Debbie Almontaser was to have been principal of the Khalil Gibran International Academy, New York City's new Arabic-language public school when it opened its doors in Brooklyn next month. But a series of articles in the New York Post earlier this month drew a tenuous link between Almontaser and an organization which was, in the Post's words, "hawking T- shirts that glorify Palestinian terror"Personal truths raised up against tenuous links. Placed before all 26 other amendments. Personal truths are the core beliefs essential to teaching of any kind, even language, the first requirement of learning. Personal truths are Almontaser's specialty.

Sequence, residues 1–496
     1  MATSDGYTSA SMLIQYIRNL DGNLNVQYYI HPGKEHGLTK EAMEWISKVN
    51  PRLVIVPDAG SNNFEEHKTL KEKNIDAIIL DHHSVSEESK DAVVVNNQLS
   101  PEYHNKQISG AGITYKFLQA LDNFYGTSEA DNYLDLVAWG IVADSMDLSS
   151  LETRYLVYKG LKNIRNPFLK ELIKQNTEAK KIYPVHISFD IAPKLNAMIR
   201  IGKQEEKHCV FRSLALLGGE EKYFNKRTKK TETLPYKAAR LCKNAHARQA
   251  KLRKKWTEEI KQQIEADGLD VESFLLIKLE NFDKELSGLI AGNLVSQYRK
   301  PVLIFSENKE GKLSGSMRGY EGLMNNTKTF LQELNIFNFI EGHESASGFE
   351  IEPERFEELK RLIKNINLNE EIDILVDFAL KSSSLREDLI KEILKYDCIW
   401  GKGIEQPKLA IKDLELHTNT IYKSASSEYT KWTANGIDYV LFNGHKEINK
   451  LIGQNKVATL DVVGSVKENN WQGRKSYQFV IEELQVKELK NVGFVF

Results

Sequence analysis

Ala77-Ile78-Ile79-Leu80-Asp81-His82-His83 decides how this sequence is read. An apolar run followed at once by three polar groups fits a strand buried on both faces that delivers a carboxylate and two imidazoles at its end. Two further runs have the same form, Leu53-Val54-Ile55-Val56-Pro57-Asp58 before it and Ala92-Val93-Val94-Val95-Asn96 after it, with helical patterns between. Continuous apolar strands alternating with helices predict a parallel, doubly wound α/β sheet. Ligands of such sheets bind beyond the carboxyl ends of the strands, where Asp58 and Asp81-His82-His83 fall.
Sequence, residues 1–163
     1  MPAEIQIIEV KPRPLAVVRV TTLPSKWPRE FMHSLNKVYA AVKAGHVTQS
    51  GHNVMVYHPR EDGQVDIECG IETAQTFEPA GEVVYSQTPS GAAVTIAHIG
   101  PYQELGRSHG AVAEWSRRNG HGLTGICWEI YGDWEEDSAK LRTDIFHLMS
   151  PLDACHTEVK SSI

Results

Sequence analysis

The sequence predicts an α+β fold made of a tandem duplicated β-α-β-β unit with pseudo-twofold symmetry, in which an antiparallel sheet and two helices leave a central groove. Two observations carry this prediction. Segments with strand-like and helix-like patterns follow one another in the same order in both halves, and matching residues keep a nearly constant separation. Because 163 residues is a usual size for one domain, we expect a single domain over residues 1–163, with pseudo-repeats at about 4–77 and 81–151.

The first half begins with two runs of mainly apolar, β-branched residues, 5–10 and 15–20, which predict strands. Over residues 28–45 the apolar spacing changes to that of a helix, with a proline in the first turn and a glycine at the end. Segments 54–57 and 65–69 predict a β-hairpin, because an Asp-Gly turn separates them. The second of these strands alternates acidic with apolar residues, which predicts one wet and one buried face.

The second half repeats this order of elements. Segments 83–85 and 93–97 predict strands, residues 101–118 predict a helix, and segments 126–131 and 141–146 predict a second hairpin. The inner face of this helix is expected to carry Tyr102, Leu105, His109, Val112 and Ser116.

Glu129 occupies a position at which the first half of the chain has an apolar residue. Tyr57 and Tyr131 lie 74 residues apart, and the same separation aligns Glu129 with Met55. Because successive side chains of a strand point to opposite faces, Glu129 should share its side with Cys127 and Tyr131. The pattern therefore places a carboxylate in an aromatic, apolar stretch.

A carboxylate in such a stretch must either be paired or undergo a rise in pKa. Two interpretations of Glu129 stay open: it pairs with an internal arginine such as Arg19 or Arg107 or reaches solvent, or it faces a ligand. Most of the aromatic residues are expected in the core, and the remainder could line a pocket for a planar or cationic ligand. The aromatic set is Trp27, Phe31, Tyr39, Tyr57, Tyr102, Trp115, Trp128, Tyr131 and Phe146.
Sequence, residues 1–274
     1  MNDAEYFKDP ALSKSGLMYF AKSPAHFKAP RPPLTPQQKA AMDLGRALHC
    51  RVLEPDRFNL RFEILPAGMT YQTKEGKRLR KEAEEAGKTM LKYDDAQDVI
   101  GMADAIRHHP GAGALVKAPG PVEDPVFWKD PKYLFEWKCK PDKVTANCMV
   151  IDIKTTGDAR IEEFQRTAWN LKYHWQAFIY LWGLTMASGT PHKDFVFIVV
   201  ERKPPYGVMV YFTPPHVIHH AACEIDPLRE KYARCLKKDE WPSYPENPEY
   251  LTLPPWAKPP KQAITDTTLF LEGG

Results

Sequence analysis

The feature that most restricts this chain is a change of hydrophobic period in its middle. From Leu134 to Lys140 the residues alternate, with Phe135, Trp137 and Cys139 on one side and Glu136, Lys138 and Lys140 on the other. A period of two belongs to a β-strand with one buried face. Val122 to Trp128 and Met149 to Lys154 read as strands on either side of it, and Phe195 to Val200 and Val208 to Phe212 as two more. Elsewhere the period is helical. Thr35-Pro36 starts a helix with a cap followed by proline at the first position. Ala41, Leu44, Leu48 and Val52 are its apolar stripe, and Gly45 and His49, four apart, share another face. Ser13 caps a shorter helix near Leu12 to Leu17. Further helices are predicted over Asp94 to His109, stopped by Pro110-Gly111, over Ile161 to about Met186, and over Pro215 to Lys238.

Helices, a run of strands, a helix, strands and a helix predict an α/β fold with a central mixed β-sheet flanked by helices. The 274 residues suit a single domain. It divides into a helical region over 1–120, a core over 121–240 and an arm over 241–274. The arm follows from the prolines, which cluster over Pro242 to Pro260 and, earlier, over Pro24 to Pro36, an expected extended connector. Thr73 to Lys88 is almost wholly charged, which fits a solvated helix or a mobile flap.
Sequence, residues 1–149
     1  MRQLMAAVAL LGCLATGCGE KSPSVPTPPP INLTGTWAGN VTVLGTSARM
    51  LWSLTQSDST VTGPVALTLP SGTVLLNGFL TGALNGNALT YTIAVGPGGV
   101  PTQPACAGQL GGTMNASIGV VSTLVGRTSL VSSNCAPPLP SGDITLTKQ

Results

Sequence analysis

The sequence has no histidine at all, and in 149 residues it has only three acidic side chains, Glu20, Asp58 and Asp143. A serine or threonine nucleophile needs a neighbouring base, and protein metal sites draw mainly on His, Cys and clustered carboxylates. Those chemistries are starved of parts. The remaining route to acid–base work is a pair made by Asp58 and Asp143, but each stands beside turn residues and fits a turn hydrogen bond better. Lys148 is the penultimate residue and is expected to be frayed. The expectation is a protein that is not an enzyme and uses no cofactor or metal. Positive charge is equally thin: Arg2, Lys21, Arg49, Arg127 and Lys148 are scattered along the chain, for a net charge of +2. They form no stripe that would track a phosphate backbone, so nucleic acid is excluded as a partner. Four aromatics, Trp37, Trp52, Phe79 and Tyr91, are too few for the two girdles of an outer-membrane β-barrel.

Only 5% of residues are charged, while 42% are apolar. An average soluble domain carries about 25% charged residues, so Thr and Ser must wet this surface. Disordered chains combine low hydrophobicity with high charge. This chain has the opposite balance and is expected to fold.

"The inflammatory tees boldly declare "Intifada NYC" - apparently a call for a Gaza-style uprising in the Big Apple."
Almontaser's response was measured. "The word [intifada] basically means 'shaking off.' That is the root word if you look it up in Arabic," she said, in remarks quoted by the Post.
"I understand it is developing a negative connotation due to the uprising in the Palestinian-Israeli areas. I don't believe the intention is to have any of that kind of [violence] in New York City. "I think it's pretty much an opportunity for girls to express that they are part of New York City society . . . and shaking off oppression."
Almontaser was right. So was Jarrar (the subject of an earlier injustice in the article). They were telling the truth. It was their truth, to be sure, but the First Amendment to the United States Constitution was written “and placed before all 26 other amendments” specifically to protect each individual's personal truth.